What to do if your child starts to stutter?
A stutter (also known as “dysfluency”) is the involuntary repetition of sounds and words. It is an interruption in the flow of speech and can make it difficult to understand what a child is saying. There are different types of stutters, including:
- Repetitions: This is when a sound, part of a word, whole word or phrase is repeated (e.g. A a and I went to the shops, an an and I went to the shops, and and and I went to the shops, and I and I went to the shops)
- Prolongations: This is when a sound is stretched out (Aaaaaaaaaaand I went to the shops)
- Blocks: This is when a child tries to speak, and no sound comes out. It seems like the word is “stuck”
Stuttering in children most commonly starts between 2-5 years. Children are starting to combine words and make longer sentences at this age. Some children don’t start stuttering until later in childhood. Stuttering can start suddenly (e.g. a child might wake up one day with a stutter). It can also develop gradually over time. A child may stutter for a few weeks or several months, and the stuttering may come and go. Stuttering can have a genetic component so it’s important to know if there is any family history of stuttering.
When to Get Help
Current research tells us that the best time to treat a stutter is before your child starts school; so the earlier you seek support to treat a stutter the better. We recommend that you check with a speech pathologist as soon as possible if your child:
- Tries to avoid situations that require talking
- Changes a word for fear of stuttering
- Has facial or body movements along with the stuttering
- Repeats whole words and phrases often and consistently
- Repeats sounds and syllables more often
- Has speech that sounds very strained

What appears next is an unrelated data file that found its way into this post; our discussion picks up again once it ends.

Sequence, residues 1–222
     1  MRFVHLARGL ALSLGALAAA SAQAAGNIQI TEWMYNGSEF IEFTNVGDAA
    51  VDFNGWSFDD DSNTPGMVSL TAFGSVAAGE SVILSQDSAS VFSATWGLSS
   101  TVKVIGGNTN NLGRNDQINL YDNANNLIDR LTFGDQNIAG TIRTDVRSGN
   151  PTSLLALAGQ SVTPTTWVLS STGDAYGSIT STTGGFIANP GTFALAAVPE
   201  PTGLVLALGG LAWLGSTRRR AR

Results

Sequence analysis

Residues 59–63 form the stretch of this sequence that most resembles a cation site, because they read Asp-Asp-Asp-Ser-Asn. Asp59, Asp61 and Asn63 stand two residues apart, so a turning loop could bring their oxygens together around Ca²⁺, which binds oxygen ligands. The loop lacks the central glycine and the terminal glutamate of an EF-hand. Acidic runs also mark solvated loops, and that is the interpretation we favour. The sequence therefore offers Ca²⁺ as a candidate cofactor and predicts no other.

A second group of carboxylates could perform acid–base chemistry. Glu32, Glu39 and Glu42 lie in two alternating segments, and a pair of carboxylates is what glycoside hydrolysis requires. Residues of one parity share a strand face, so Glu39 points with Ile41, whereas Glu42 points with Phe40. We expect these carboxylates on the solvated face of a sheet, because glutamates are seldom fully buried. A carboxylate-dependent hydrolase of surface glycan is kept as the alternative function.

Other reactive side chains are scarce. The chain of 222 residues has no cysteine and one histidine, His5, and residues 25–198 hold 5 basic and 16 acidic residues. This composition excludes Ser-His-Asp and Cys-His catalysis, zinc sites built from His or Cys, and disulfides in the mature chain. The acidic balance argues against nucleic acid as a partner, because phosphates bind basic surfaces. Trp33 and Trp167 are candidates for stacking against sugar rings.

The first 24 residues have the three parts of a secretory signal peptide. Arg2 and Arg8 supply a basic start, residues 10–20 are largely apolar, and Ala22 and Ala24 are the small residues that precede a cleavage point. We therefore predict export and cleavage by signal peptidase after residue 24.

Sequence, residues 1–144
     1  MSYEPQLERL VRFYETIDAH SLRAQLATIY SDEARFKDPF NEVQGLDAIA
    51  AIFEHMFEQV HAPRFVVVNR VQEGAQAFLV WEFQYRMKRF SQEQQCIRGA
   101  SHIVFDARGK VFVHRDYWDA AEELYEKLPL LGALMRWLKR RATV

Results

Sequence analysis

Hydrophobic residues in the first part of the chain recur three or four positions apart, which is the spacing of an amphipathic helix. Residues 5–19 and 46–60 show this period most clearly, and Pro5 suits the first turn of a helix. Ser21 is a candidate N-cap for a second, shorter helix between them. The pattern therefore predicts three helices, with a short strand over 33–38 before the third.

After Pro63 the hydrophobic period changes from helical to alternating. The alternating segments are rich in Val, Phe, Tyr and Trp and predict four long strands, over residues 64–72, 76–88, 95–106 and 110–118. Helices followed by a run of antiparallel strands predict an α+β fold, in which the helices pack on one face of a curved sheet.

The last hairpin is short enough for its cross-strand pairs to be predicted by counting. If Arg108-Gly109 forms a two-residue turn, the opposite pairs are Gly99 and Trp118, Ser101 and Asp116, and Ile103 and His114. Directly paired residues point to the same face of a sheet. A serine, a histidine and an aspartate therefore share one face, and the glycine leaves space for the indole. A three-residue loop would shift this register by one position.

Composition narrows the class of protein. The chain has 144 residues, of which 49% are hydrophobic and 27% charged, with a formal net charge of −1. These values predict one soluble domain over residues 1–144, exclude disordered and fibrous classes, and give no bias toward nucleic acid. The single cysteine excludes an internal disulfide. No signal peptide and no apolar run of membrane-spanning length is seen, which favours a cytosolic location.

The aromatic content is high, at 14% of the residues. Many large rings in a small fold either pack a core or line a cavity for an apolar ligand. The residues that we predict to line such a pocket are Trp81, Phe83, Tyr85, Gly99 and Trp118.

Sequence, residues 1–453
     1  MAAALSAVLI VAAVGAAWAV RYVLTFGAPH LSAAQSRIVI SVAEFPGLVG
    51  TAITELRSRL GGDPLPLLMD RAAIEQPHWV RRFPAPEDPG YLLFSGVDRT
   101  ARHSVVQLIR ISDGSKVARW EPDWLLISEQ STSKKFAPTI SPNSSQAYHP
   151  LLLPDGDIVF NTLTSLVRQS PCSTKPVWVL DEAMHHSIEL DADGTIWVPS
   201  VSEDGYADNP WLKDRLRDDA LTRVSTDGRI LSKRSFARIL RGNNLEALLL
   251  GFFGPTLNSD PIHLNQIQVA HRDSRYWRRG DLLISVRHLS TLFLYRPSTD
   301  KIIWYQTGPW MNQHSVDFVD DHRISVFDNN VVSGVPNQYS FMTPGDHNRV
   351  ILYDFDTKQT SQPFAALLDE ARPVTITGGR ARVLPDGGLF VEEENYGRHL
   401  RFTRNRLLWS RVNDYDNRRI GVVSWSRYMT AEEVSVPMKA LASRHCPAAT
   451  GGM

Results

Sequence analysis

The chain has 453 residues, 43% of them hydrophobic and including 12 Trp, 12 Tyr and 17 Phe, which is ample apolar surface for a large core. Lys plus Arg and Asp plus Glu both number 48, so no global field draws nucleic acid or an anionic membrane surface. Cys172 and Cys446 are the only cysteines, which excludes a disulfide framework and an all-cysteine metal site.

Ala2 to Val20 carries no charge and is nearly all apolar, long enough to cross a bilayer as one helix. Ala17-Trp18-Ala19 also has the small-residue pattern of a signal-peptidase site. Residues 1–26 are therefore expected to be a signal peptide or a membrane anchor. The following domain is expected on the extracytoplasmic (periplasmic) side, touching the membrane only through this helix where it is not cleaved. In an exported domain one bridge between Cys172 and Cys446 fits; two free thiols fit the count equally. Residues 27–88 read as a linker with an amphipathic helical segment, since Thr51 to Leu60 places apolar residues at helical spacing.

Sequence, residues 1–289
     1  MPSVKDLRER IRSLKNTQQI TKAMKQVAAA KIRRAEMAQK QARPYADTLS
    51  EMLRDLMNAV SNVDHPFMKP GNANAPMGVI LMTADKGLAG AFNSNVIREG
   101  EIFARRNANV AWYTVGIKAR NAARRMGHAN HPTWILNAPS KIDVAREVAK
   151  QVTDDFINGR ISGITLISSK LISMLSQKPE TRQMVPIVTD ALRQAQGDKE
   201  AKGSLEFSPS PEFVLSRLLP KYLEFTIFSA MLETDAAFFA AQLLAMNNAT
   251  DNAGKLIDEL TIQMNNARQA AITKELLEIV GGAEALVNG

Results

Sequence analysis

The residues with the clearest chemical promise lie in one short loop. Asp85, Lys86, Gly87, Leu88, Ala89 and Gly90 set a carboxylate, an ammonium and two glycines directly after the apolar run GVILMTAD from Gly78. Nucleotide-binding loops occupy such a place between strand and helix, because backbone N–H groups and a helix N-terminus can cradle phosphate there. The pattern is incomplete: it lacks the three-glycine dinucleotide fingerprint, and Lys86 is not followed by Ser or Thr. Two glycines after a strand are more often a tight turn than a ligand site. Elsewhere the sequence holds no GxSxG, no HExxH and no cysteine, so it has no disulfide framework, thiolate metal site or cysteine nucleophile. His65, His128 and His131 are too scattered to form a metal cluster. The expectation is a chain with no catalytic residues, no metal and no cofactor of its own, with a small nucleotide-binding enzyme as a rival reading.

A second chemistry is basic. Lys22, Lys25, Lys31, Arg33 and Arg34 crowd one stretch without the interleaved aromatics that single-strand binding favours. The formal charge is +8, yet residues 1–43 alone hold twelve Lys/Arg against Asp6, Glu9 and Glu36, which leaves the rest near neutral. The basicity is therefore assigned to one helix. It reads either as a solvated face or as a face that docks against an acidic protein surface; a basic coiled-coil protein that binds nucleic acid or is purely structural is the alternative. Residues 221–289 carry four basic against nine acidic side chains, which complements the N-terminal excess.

- You notice increased facial tension or tightness in your child’s speech muscles
- You notice vocal tension that causes rising pitch or loudness
- You have other concerns about your child’s speech
Treatment for stuttering
The great news is that we have a highly evidence-based treatment for preschool-aged stuttering that is used around the world and was developed in Sydney. The Lidcombe Program is delivered through weekly sessions with a speech pathologist who coaches parents to do speech therapy for kids at home with the child each day. The program has been proven to be highly effective and safe. Treatment takes different amounts of time, depending on how severe a child’s stuttering is. Your speech pathologist will work with you on finding ways to make the Lidcombe Program part of your everyday life, so you get the best possible outcome for your child.
What can I do in the mean time at home?
- When you first notice your child stuttering, make a note of the date. We encourage you to monitor the stuttering closely over time, it can be quite common for it to ‘come and go’. Keeping notes is helpful to remember the pattern when you talk to a speech pathologist
- Don’t make your child to speak correctly at all times. Let talking be fun and enjoyable
- Avoid corrections such as “slow down,” “take your time,” or “take a deep breath.” Even though these comments are well intentioned, they can make your child feel more self-conscious
- Avoid interrupting your child, telling them to start over, or to think before speaking
- Focus on the meaning of what your child is saying, rather than how they are saying it
- Let your child speak for themself and to finish thoughts and sentences. Pause before responding to your child’s questions or comments
- Maintain eye contact with your child. Try not to look away or show signs of being upset
- Provide a calm atmosphere in the home. Try to slow down the pace of family life
- Speak slowly and clearly when talking to your child or others in their presence
Speak to a Speech Pathologist about whether your child would benefit from stuttering therapy.